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Emily Schaller: Fighting Cystic Fibrosis Through Running Part 2

“Whaddaya think?” asks Emily Schaller, a sartorial delight in her blue-soled nubuck shoes, pink pants, denim shirt and bowtie. The bowtie is for Rock CF’s inaugural Bubbles and Bowties fundraiser, currently in full party mode under a white tent in a Grosse Pointe, Mich., parking lot. Rock CF is Schaller’s…

“Whaddaya think?” asks Emily Schaller, a sartorial delight in her blue-soled nubuck shoes, pink pants, denim shirt and bowtie. The bowtie is for Rock CF’s inaugural Bubbles and Bowties fundraiser, currently in full party mode under a white tent in a Grosse Pointe, Mich., parking lot. Rock CF is Schaller’s nonprofit organization that raises money and awareness for cystic fibrosis.

Everyone at the party is dressed up, drinking wine and champagne and beer, and leaning against the high-top tables refashioned from Packard Automotive Plant parts; an honest post-industrial chic only Detroit could produce. A band begins setting up in another corner of the tent. Schaller used to play drums in her 20s for the all-girl rock band, Hellen, a catalyst for her first fundraising idea. For her 21st birthday, Schaller convinced her brother, who played in another Detroit band, to pull together some musicians to raise money for the Cystic Fibrosis Foundation.

“We sold out our Just Let Me Breathe event with 550 people,” Schaller says. “It was a great fundraiser, but it was more exciting that we brought together a group of 18- to 35-year-olds who wouldn’t normally fundraise for CF.” That sparked something in Schaller—to get people to care about a disease they once knew nothing about—and she created Rock CF in 2007.

Schaller has an absolute magnetic personality. Friends say that cops call out her name when she runs and strangers in restaurants will randomly comment, “Oh, that girl is fun.” It’s the reason so many cystic fibrosis centers fly her around the country to speak to their staff. Doctors, nurses, social workers and dieticians at the clinics hear about her transformation since taking up running, and Schaller speaks to families afterward. Weeks and months later, they still stay in touch.

“They actually trust me and say, ‘Let’s ask Emily,’” Schaller says. “I guess if you’ve had something your entire life, you’re an expert in the disease. It’s a blessing in disguise because it’s my career now. I figure if I can do something I love and change people’s lives, I’m in.”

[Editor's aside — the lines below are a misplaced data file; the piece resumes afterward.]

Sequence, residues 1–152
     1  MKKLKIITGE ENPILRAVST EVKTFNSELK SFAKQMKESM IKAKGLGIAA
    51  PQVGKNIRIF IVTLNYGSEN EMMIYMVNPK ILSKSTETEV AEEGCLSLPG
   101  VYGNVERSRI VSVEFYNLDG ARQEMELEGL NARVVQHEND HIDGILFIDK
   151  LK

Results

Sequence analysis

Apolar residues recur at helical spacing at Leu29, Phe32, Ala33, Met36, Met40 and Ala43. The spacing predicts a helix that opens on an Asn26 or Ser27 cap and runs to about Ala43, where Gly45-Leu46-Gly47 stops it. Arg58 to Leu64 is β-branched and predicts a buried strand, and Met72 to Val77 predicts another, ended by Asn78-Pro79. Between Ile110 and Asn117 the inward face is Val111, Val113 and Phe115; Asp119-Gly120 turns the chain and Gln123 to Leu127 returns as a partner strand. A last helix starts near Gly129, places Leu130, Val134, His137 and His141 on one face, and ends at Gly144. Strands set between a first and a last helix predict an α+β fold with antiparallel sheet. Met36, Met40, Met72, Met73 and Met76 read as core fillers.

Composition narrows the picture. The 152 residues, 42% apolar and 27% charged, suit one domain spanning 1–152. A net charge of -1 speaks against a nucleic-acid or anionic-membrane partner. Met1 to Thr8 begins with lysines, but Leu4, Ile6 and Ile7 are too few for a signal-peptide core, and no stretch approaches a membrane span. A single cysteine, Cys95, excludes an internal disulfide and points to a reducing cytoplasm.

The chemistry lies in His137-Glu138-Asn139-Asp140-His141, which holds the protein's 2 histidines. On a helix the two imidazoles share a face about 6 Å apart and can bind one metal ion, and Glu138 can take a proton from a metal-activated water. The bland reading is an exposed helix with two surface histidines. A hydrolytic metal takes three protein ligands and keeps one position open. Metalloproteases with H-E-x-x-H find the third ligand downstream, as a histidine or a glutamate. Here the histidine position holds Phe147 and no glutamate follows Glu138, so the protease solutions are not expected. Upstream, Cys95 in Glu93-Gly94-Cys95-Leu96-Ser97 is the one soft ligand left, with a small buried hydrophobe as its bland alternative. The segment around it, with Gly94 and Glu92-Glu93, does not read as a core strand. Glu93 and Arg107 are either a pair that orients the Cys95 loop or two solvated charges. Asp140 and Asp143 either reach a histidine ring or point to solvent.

In the Bubbles and Bowties tent, strings of lights crisscross above the partygoers and a small lounge area is rimmed with pictures of people who have cystic fibrosis, portraits from the book “Just Breathe: Cystic Fibrosis by photographer Ian Ross Pettigrew. Some of the people pictured in the book are no longer around, a jarring reality since the photographs were taken in 2014.

“There are some awesome CF patients that I’ve lost because that’s CF,” Schaller says. “It’s a wild disease. Losing friends has been not cool and it makes me work harder in my own life. What can I do to make sure this doesn’t happen to others? That feeds the mission.”

Her mission to raise money began in earnest in 2011, when Schaller debuted the Rock CF Rivers Half Marathon, a USATF-certified race on Grosse Ile, an island parked in the middle of the Detroit River. Schaller figured they’d get anywhere from 200 to 300 runners to join. On race morning, 1,400 racers toed the line. This year, the race’s fifth running, that number bloomed to 2,300 runners.

The mission to advance medical understanding continues through Schaller’s success story with Kalydeco, the little blue pill Schaller takes each day, which is the first to go beyond treating the symptoms of the disease to treat the underlying cause of gene mutation. It single-handedly took the function of Emily’s lungs from 70 to 88 percent. Schaller is also participating in a study that hopes to put hard numbers to a doctor’s prescription for exercise.

“I went to camp for cystic fibrosis back in the 80s and they gave you an option: chest therapy or run for 20 minutes,” says Schaller. “The greater scientific community put two and two together and found that exercise is good for us, but they haven’t answered how much.” The exercise study will figure out that prescription, an exact formula that will allow doctors to say, for example, 20 minutes twice a day on an elliptical will keep symptoms at bay.

RELATED: Emily Schaller: Fighting Cystic Fibrosis Through Running Part 1

 

More stories of how miles change runners coming soon.